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Summary

Alessandra is not quite fifteen when her prosperous father brings a young painter back from Holland to adorn the new family chapel. Fascinated by his ability she is lured into closer involvement. On the streets of Florence she observes a terrible evil stalking the city and a fiery priest, who has set out to rid the city of vice, even art itself.

©2002 Sarah Dunant (P)2006 W F Howes Ltd

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    3 out of 5 stars
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  • Linda
  • London, United Kingdom
  • 31-01-16

Descriptive but frustrating

One can never be sure with a Sarah Dunant novel whether you will adore it or struggle with it. For me the Birth of Venus fell into the latter category. No one could fault the way Sarah Dunant conjures up the look and feel of Florence and its residents through a time of tumultuous change but oh I found the characters irritating and the central thread of the plot rather pointless. Many a time I almost gave up on this book which is most unusual for me. I nevertheless soldiered on and I obviously cared enough about the characters to want to know the end - but I'm afraid not a 5 star listen for me.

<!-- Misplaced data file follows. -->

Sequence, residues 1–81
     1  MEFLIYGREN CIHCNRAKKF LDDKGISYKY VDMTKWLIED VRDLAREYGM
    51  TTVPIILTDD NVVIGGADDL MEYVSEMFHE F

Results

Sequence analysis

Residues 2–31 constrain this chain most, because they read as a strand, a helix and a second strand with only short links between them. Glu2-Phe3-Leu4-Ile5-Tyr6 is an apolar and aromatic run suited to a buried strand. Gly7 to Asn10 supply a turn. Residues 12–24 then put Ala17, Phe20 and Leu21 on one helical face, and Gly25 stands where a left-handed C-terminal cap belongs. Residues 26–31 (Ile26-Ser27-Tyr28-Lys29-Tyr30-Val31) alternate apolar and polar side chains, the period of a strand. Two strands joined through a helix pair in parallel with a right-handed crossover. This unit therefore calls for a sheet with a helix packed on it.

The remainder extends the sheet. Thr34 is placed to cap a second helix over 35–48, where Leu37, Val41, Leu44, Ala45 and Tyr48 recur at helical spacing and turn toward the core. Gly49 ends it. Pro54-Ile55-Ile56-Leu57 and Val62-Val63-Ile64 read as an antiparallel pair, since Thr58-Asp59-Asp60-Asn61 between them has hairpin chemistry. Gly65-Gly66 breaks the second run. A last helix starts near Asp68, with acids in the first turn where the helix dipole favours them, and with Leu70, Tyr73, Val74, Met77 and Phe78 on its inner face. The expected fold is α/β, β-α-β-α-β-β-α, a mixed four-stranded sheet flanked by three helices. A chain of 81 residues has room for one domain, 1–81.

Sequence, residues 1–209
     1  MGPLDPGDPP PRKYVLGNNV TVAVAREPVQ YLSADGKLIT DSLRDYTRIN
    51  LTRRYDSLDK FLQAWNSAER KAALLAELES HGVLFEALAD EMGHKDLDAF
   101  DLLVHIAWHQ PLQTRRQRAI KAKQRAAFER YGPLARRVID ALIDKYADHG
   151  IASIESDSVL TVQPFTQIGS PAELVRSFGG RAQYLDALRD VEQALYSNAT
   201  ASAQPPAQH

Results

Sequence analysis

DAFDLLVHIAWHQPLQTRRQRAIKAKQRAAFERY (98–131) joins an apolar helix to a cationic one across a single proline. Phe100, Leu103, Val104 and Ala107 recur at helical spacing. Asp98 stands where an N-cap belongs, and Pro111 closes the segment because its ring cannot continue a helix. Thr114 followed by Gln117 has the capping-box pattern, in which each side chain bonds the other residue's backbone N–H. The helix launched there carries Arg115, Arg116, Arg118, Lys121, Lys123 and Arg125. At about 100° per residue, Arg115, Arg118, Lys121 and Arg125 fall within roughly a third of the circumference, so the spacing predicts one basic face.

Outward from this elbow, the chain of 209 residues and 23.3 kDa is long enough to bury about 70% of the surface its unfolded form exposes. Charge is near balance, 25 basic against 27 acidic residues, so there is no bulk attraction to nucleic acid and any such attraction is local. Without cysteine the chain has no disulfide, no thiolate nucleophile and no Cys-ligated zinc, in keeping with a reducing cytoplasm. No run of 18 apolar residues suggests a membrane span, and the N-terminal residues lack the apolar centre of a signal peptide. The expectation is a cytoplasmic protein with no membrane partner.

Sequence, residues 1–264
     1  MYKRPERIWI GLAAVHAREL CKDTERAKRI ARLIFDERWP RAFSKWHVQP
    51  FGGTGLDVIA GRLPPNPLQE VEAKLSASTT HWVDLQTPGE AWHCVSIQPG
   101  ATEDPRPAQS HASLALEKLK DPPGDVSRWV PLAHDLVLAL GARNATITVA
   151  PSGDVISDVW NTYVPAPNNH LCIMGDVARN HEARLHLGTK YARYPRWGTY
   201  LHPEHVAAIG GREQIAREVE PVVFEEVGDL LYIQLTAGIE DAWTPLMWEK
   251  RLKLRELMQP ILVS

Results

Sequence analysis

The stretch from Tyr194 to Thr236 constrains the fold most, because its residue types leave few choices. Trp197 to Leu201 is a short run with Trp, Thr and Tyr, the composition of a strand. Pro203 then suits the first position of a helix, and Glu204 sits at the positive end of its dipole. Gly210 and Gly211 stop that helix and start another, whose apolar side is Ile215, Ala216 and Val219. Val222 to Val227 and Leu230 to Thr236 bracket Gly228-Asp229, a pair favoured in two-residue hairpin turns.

2 of 2 people found this review helpful

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Where's Botticelli?

Any additional comments?

Botticelli's painting is on the cover, it's called the Birth of Venus, and yet Botticelli barely makes a cameo. Instead, we get to hear about a later Renaissance painter, known for his broody Christianity, but his entire narrative is completely historically inaccurate. Like, every detail. It wasn't historic fiction so much as fiction in an alternate universe that resembles Renaissance Florence.